Emu, hotel chef thwart driver fleeing hit and run crash in Malmesbury


LONDON — England has two new, unexpected celebrities — a 42-year-old chef and a massive emu, who inadvertently teamed up to help catch a driver in a hit-and-run who fled a crash scene after narrowly missing pedestrians and causing extensive damage.

Dean Wade said he heard a loud “screeching noise” near his workplace in Wiltshire, southwest England, on Monday and raced out to see a jeep careening from side to side before smashing into the front of an empty shop close by.

We asked Emmanuel the TikTok-interrupting emu about his sudden fame

In an interview with The Washington Post on Wednesday, Wade, who has been working at the Old Bell Hotel in Malmesbury for only two weeks, said he could see the driver, who “appeared drunk,” was getting ready to back away from the scene . The female passenger had also left the vehicle.

“There’s no way you’re going anywhere,” Wade told the man, who he said was “swaying” and “staggering” all over the place. But the man, though unable to run fast due to his physical state, was determined to escape, heading off on foot.

Wearing his slip-resistant rubber kitchen clogs and chef’s overalls, Wade chased the driver for 15 to 20 minutes, through bushes, allotments and gardens before the pair ended up at an animal sanctuary.

This was when the real confrontation began.

“I could see this massive emu,” Wade said. “I’m six foot tall and it was bigger than me.”

Wade said he could tell the bird, which was surrounded by its offspring, was likely to spring into defense mode if anyone intruded into its enclosure.

“Kill, don’t go in there,” Wade warned the man, who he said ignored his advice, replying: “I can fight emus” before heading into the animal’s pen — where he was repeatedly pecked.

“It was stabbing his body all over,” Wade said, causing the man to curse and unsuccessfully attempt to “kung-fu-kick” the animal away.

The bird kept stabbing at the driver, who eventually gave up, fled the pen and headed toward a river — while Wade took the opportunity to flag down a nearby police car.

Wiltshire police confirmed Monday they were dealing with a “minor injury” and “extensive damage” following the collision that forced the road to close as emergency services attended the scene.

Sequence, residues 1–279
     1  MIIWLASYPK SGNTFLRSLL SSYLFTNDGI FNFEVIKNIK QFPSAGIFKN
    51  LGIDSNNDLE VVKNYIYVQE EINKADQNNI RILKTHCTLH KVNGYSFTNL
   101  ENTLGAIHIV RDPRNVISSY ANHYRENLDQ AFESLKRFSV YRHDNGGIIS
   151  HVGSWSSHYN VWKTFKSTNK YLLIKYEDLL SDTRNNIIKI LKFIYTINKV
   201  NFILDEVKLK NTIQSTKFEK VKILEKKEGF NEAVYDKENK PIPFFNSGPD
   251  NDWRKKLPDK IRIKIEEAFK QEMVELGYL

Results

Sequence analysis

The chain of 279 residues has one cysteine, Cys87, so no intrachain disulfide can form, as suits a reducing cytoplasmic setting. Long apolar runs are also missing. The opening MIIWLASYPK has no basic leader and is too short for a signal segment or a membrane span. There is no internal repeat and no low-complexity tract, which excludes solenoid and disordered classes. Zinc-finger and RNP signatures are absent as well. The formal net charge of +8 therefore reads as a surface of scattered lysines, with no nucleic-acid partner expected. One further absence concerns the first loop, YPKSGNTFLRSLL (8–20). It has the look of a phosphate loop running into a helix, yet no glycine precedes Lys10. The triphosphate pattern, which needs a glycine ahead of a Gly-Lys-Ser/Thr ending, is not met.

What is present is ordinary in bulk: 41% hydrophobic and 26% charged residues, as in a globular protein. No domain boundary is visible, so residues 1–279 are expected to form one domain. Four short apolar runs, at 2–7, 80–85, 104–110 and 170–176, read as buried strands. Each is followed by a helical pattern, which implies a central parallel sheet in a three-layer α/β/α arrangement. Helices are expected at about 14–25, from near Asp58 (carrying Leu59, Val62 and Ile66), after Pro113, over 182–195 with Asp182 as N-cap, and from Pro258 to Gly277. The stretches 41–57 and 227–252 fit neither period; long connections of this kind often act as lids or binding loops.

Following “an extensive search of the area,” officials said, one person had been arrested after driving drunk. They did not name the person.

Wade told The Post that he had just relocated from the sprawling city of Leeds to the picturesque village of Malmesbury for his new job at the Old Bell Hotel, which claims to be England’s oldest hotel. According to its website, the venue has served travelers since the year 1220.

“In Leeds we don’t stand by and do nothing,” Wade said, crediting his home city in West Yorkshire and his passion for justice for providing him with the instinct to chase after the driver.

Emus are classified as one of the world’s biggest birds, according to National Geographic. The animals can weigh up to 97 pounds and grow over six feet tall. While they cannot fly, they have “long powerful legs” that they often use to kick predators that come too close.

Wade was keen to stress that he did not consider the birds aggressive but, rather, “curious creatures” that are determined to protect their young.

“I know what female birds are like,” he said, adding that he has encountered angry swans seeking to protect their chicks.

Wade admitted his new life and job in Malmesbury had so far surpassed all expectations: uniting with an emu on Monday to solve crime, being invited to appear on national radio and TV in the UK, and fielding interview requests while on a roadside attempting to fix a punctured tire, although that incident is not believed to be bird related.

The emu, despite its newfound fame, has retained a lower profile, with the declining wildlife sanctuary, but telling BBC national broadcaster that all its emus interviews were unharmed and that they are “wonderful creatures.”

And, following Wade and the emu’s successful partnership, the hotel and the animal sanctuary have also teamed up — striking a deal that sees staff deliver bucket-loads of vegetable peelings from the kitchen to the animals each day in a bid to reduce food waste.

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